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At SIIM 2010, Herman Oosterwijk discussed issues that deal specifically with PACS connectivity. He outlined the following  problems: Network Issues: A well defined and managed network infrastructure is essential. Proper IP addressing and port number assignment has to be done. Duplicate IP addresses can create issues and are not always easy to troubleshoot. In case this is suspected, a “netscan” utility will show all IP addresses and potential duplicates. Note that DICOM devices rely on fixed IP addresses, as almost none of the PACS vendors make use of the dynamic configuration capabilities defined by the DICOM standard. Dynamic IP addressing is fine as long as the router does not re-assign them to a different address, e.g. when being re-booted or replaced. Note also that DICOM has an “official” assigned port number, i.e. port 11112, which is more reliable than the often used “well-known” port 104. Not necessarily falling under the network but related is the need to manage AE titles making sure they are also unique. Realize that some devices have multiple AE’s with potential different AE titles. Incorrect net mask definitions and/or VLAN specifications might make certain destinations unreachable. A rather frequent occurrence is the incorrect setting of the switch, e.g. to half duplex or mismatching the device setting, especially when auto-negotiating is configured. Switch issues result in major performance issues and can only be made visible when using a network sniffer. DICOM Header Issues: The DICOM image header is generated through mapping RIS data, generation of the modality and manual input by a user. Either one of these sources can potentially generate incorrect and/or invalid data in the image header. Problems are unfortunately not always detected. For example, an incorrectly identified study might be archived in the PACS and get “lost”, only appearing when the data is migrated, which could be years later. Some PACS systems are more conservative than others and check every attribute, while other are more liberal and don’t necessarily complain. A header with an Institution ID exceeding the maximum length of that field might be stored by vendor A while being rejected as an invalid image when being migrated years later. In this particular instance, the Institution ID could have been mapped from the RIS using a worklist, while not checking for any length violations (note that the source of the data, i.e. the HL7 data elements might not have the same restrictions). Missing and/or incorrect patient demographics can be caused by the RIS being down, or a technologist not using the worklist. This will cause a study to be unverified or “broken” at the PACS. Some PACS applications sort and display images according to image and/or series number instead of according to slice orientation and body part causing the images to be displayed in the incorrect order. When retrieving comparison exams, one can run across some of the older date and time formats in the header, which might cause issues as well. Hanging Protocol Issues: Hanging protocols not working is almost always related to incorrect header information or the wrong interpretation of the headers. A common mismatch is related to the way CR and DR systems organize their images into series. Some create a new series for each view (e.g. a Chest PA and LAT), some group them together in a single series. If the viewing software can only be configured to show different series next to each other, there will be some really unsatisfied radiologists. Another frequent issue occurs when some modalities modify automatically series and study descriptions, not taking the values from the worklist and therefore causing these descriptions not matching the hanging protocol configurations at the view station. CD import issues: These issues almost always can be traced back to non-compliance with the DICOM standard and/or corresponding IHE profile. Frequent issues are the absence of DICOM image files because the vendor is only providing their proprietary format, a missing directory file, mismatch of the so-called meta-file header with the actual data content, incorrect transfer syntaxes such as compression, and several others. A recent issue has also been splitting up studies over multiple CD’s. In many cases, one can convert the images to an acceptable format that can be imported; however, in some cases it is impossible to read the proprietary information, causing a repeat exam. One also need to make sure that patient identifiers are replaced, including the Accession Number otherwise the integrity of the PACS database could be compromised. SOP Class support: Modalities are eager to support new SOP Classes as they contain more information and allow for better viewing and processing. PACS systems traditionally lag with their support for this new functionality. The most common mismatches are due to non-support of the PACS for the enhanced CT and MRI SOP Classes, Structured reports, such as generated by CAD devices and Ultrasound units for measurements, and for new specialties such as ophthalmology, dentistry and endoscopy. In most cases, a modality can be “defeatured” to fall back to an older SOP Class, or alternate encoding (e.g. burn in the CAD marks into a secondary capture), in some cases, one will be stuck with the proprietary information (e.g. MRI spectroscopy). Transfer syntax support: In addition to missing SOP Class support, PACS systems might not support the specific encoding, i.e. transfer syntaxes. Occasionally, a PACS system might mishandle a Big Endian encoding from an older modality, JPEG or wavelet compression support. Many PACS systems do not (yet) support the MPEG files created by endoscopy and surgery exams. UID issues: Even although this is a “header issues, it is mentioned on its own because of the frequency and severity of its impact. Some devices create “illegal” UID’s because their algorithm creates sometimes empty values or subcomponents with leading zero’s. Most PACS systems will either refuse these images or quarantine them. Some modalities issue a new UID when an image is resent, which requires someone to delete these duplicates at the PACS. Some modalities re-use a UID therefore requiring a PACS SA to fix those as well. Modality Worklist issues: A worklist should match the studies to be performed at a modality, no more and no less. A “broad” worklist is generated by matching modality (e.g. CT, MR), location (e.g. station name or scheduled AE title), and other parameters such as the scheduled date/time range. Some Modality worklist providers provide too much data (e.g. all of CR exams instead of only the ones for the ER), some provide not enough differentiation (e.g. only the bone-scans) and some provide not enough. Filtering at both the MWL provider and modality is often required. Note that single value matching using e.g. the Patient ID or Accession Number with a barcode scanner, card reader or other scanner works much better. Remedies are reconfiguring the modality worklist provider, interface engine, or sometimes changing the input data by the scheduling department. Burned-in Data: Many Ultrasound units and any frame-grabber interface have the unfortunate side-effect that all of the information on the screen is captured, including the patient demographics. This can create major issues when the patient demographics is incorrect, which happens in most cases because a technologist forgets to select a new patient or makes an incorrect selection. The only remedy is to replace these pixels with a “paint-brush” application, which however is very rarely supported by most PACS vendors. Many users put “X-es” over the incorrect text, with as serious risk that a receiving application might not support these overlays, presentation states, or, even proprietary annotations. There are open source utilities available that can take care of these pixel replacements. Loss of annotations: Many PACS systems still support proprietary solutions to store annotations. When displayed on the PACS workstations from the same vendor, they appear, however, when displayed on another vendor’s workstation, such as used by a referring physician, night hawk service, or 3rd party web servers, they will disappear. The only solution is to generate compatible overlays (some modalities and workstations have this option) and/or upgrade all of your devices to support the DICOM Softcopy Presentation ... Read more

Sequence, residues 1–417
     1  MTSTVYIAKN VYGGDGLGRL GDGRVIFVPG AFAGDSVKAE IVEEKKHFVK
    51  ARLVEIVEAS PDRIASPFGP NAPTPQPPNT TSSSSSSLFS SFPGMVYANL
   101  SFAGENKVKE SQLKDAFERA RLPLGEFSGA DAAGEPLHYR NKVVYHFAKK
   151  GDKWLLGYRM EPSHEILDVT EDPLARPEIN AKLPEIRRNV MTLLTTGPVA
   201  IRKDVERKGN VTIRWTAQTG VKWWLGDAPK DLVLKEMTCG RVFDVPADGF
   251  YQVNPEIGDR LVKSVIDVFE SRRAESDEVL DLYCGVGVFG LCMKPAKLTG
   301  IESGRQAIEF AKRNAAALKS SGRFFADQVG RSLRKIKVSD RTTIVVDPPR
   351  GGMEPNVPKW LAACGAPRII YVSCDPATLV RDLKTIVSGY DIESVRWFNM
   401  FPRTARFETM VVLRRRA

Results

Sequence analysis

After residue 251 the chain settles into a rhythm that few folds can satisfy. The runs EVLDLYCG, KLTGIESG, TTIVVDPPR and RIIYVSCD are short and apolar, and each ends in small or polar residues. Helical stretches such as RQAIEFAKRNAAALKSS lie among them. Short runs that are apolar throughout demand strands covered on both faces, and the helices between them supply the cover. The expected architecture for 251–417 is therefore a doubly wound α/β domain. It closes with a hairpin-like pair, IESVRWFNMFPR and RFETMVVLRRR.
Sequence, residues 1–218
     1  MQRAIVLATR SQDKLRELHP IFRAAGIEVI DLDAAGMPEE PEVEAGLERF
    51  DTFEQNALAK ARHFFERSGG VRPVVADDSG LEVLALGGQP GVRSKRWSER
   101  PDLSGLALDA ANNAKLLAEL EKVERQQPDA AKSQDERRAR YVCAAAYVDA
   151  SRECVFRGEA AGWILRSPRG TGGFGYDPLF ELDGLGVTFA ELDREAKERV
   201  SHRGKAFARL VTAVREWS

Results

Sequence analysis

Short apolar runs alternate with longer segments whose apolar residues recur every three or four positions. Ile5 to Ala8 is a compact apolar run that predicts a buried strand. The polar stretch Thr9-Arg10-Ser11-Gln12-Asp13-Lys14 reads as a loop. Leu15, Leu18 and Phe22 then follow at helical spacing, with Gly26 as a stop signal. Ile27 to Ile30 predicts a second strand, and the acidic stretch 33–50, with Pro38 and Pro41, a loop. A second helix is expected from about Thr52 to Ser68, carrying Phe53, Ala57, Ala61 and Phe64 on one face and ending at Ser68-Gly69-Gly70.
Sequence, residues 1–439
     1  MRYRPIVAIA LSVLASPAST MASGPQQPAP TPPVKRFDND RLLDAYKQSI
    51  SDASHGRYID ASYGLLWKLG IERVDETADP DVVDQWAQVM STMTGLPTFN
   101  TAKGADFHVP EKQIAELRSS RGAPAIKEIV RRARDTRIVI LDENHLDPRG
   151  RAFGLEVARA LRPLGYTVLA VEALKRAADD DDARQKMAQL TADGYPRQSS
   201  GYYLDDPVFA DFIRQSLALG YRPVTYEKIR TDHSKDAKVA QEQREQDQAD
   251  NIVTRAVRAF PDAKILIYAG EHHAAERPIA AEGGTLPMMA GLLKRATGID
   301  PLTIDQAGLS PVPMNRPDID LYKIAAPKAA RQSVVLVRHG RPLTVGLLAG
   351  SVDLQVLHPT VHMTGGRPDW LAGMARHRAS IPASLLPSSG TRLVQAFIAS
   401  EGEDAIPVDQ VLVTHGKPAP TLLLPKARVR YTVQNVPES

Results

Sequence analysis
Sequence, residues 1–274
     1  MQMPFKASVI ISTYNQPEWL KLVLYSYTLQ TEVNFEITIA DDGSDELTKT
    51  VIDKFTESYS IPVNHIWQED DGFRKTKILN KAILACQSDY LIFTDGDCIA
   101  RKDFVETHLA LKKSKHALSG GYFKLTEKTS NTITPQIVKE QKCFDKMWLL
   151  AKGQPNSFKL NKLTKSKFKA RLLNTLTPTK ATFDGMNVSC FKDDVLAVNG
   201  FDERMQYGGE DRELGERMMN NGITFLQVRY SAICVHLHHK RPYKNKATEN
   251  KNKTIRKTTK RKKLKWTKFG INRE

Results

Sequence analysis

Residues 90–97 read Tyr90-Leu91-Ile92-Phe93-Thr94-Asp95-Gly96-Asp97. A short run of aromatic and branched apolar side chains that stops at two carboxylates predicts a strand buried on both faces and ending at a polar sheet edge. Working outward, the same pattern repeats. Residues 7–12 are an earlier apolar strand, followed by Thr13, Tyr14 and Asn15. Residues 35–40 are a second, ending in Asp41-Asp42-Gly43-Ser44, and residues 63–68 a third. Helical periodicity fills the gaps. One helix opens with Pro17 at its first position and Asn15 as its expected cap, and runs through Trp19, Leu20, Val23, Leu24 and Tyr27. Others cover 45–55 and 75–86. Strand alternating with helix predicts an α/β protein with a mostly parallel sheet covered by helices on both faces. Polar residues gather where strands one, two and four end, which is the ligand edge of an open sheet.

SIIM 2010, products highlights